This Snake Bites! – The Myth of Hybrid Vigor

This Snake Bites!

The Myth of Hybrid Vigor

I go to Florida on occasion. I like it and who wouldn’t – warm water, beautiful beaches and friendly people. It’s really great. So of course I’m interested in the local exotic wild life.

A while back I was watching a nature show on big snakes that have invaded Florida and how they are rapidly hybridizing and taking over. The reason is that in nature, two closely related species can combine and produce a snake that is bigger, stronger and capable of crushing its competition.  It’s called Hybrid Vigor. The idea is fascinating and it occurred to me that it also applies to many areas of business and we’ve seen various restaurant businesses add similar brands and operations and successfully grow. However, where catering and retail business units are concerned in a multi-unit restaurant operation, the idea of Hybrid Vigor is a complete myth – but few Executive teams realize it.

When you think about it, Hybrid Vigor sounds logical – you simply combine two closely related entities (such as retail and catering), run them largely the same way, and get something bigger and stronger – right?

WRONG! Just because it occurs in nature, doesn’t make it natural in the multi-unit restaurant world and not only can this mindset fool you into making some big blunders with your catering operations, it can weaken your existing business to the point where your competition crushes YOU!

Within the catering arena, I agree that you absolutely want to leverage existing assets and this has long been a solid business principle. Catering allows you to add profitable sales while keeping capital expenditures minimal and maximizing additional human resource bandwidth at the store level.  In fact, catering is a hidden revenue channel for many multi-unit restaurant owners and I know from hands on experience it can add up to 20% in system sales and 40% to overall gross margin.

These economics make it so attractive that many multi-unit restaurant brands jump into catering without a clear understanding of the shift in mindset required to operate a catering business unit well. It’s like thinking you own an awesome show dog, but later finding out you have a python that you can’t control effectively.

This happens because the retail business LOOKS so similar to the catering business, but in reality it is a completely different animal. The customers’ demands are different, the execution is different, the sales are different and the store level economics are different. In short, it’s a completely different business and must be approached that way. While catering can be layered onto existing assets it is not really combined or absorbed into the retail space because it must retain its own focus to serve the specific demands of the catering customer.

For years I’d extolled the virtue of a dedicated executive catering position in every organization and this is the first (and most important) step to successfully operating a catering business unit. It is not an effective strategy to just tack catering onto existing job descriptions such as marketing or operations and expect things to go well. We all have priorities and when time and resources are tight it is human nature to focus on your main tasks – and catering gets shorted.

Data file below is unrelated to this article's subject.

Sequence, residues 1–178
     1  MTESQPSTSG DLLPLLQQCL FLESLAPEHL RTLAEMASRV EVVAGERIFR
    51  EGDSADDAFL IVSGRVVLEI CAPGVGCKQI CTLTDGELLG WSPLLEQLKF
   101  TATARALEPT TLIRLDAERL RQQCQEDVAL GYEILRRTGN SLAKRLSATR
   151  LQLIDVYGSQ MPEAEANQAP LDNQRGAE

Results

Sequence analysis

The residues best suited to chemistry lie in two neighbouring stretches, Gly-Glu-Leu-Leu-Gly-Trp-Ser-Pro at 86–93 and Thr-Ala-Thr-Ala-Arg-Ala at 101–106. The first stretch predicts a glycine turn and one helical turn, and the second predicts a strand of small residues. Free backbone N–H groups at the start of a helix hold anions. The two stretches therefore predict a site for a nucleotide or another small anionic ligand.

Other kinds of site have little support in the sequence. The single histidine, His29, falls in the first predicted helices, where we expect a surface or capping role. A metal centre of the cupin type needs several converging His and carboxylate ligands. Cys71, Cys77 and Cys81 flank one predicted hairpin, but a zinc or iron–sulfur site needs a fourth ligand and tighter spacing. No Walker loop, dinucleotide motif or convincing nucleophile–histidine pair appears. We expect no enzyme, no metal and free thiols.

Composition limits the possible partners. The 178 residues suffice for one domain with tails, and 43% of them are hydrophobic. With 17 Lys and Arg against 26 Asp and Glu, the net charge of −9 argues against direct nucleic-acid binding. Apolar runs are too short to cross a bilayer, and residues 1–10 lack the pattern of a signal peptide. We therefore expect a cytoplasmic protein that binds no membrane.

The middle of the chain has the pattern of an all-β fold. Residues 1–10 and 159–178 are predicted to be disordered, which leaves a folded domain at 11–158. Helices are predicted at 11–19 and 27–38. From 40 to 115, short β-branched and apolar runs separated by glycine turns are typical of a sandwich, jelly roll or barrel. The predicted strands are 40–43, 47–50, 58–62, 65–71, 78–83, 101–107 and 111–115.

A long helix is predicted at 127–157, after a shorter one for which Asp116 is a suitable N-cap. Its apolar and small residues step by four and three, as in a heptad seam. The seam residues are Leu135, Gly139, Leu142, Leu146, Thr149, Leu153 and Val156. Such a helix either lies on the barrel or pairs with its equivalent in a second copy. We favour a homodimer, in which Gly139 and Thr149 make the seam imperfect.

For those forward thinking executives who understand the differences in catering and retail at the core level, they are poised to maximize the opportunities that lie ahead. But this is not a case of hybridization, it is a case of two related business units sharing assets but maintaining their autonomy in order to serve different markets.  Two large business units each pulling maximum efficiency from shared assets while attracting more and more customers to your business are much stronger than any type of hybrid will ever be.

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3 thoughts on “This Snake Bites! – The Myth of Hybrid Vigor

  1. And sometimes what happens in nature is not so easily understood. There are those who are now pointing out that Darwin’s theory of survival of the fittest may not have been about competition but about collaboration. Metaphors are nice, but do not always translated easily. Excellent post.

  2. tmre2003 says:

    Hi Erle, but even if catering is very important, I think operations and standardization are too. I am finding particularly difficult to find an inexpensive but powerful software for inventory control, would you mention some?

    • Erle Dardick says:

      I agree. Of course your house has to be in order before you can get any new initiatives off the ground. It is very difficult for me to single out any specific software package that is appropriate for inventory controls as it really depends on the procedures you have in place. Also, it depends on the environment. So inventory control for restaurants is very different than inventory for bakeries or commissaries, as an example. For factories, there are many great products on the market such as compete, red prairie, Eatec and others. In restaurants, there are many above store solutions as well as many POS systems that have great back of the house inventory software. If you are looking for standalone systems, perhaps foodtrax, decision logic and others might work well. I think the question you ask is probably infrastructure specific and it will depend on what other technology you might have running already to make the right recommendation.

      I hope this helps?

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